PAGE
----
There is much to be gained by simple fencing. One might think that fencing is menial and without complexity but I believe that it is much more. Having spent a portion of the last two years or so in this thing called VALOR and having experienced many new and wonderful things an opportunity arose for some reflection recently as I was fencing. Here is a collection I recollected as I reflected.
Day one of VALOR Inaugural Class, the Fellows as we were to be known as met for the first time as a group at the Inn at Virginia Tech. Divided into groups we were asked several questions such as, “What do you feel is the most important issue facing Virginia agriculture?” and “What role do you see for VALOR in addressing this issue?” among others. However, there was a cruel twist, instead of merely answering questions; we were challenged to draw our collective responses. Yes, that’s right, draw our answers. Armed with markers, some LARGE pieces of paper and our random and collective thoughts we did just that. I felt that it was indication of our commitment. Without exception everyone in the group participated in the exercise that could have been viewed as childish an unimportant. Each one demonstrating a willingness to be a part of and contribute to the answer required. I suppose this was our first attempt at collaborative problem solving. As in fencing, the most basic question is… Why do we need a fence?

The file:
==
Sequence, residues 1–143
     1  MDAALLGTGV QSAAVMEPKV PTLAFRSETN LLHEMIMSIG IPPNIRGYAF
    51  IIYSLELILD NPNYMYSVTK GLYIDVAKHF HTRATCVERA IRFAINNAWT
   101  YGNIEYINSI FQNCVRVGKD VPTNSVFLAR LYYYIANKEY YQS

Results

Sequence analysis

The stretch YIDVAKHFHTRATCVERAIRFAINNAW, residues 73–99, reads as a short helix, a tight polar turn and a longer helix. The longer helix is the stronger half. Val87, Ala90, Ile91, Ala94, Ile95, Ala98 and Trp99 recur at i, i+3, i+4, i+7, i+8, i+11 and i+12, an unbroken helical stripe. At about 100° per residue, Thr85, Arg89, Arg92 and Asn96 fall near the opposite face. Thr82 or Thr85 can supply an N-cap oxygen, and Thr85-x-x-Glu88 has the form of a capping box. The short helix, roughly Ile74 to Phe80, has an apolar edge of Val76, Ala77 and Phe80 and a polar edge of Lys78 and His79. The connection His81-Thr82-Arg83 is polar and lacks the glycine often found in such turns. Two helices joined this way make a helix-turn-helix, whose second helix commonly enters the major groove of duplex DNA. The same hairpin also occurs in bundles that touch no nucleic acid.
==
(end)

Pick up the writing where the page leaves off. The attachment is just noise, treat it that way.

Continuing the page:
“Don’t ever take a fence down until you know why it was put up.” – Robert Frost
Challenged to become leaders through VALOR to “build our fence of agricultural advocacy” as it were, each of us begin to have tools added to our toolbox to accomplish that task. Beginning with the Myers-Briggs Type Indicator we began to understand our personalities. Adding the EQ-I Emotional Intelligence assessment began to open that window inside ourselves, identifying our tendencies and further enable us to understand others. Along the way we added TKI Conflict Resolution, Strengths Based Leadership and other personal and interpersonal skills. Other skills were added, interviewing, crucial conversations, crisis management among others. As with fencing, many tools are required. Not only many tools, but the right tools, and most importantly the knowledge and understanding of what tool or combination of tools needed for the job at hand. Our tool chest is laden with knowledge and skills. Leadership often means making decisions and affecting decision makers. I am confident that our skills will be used to build a fence of collaborative problem solving, networking and agricultural leadership.
“It doesn’t matter which side of the fence you get off on sometimes. What matters most is getting off. You cannot make progress without making decisions.” Jim Rohn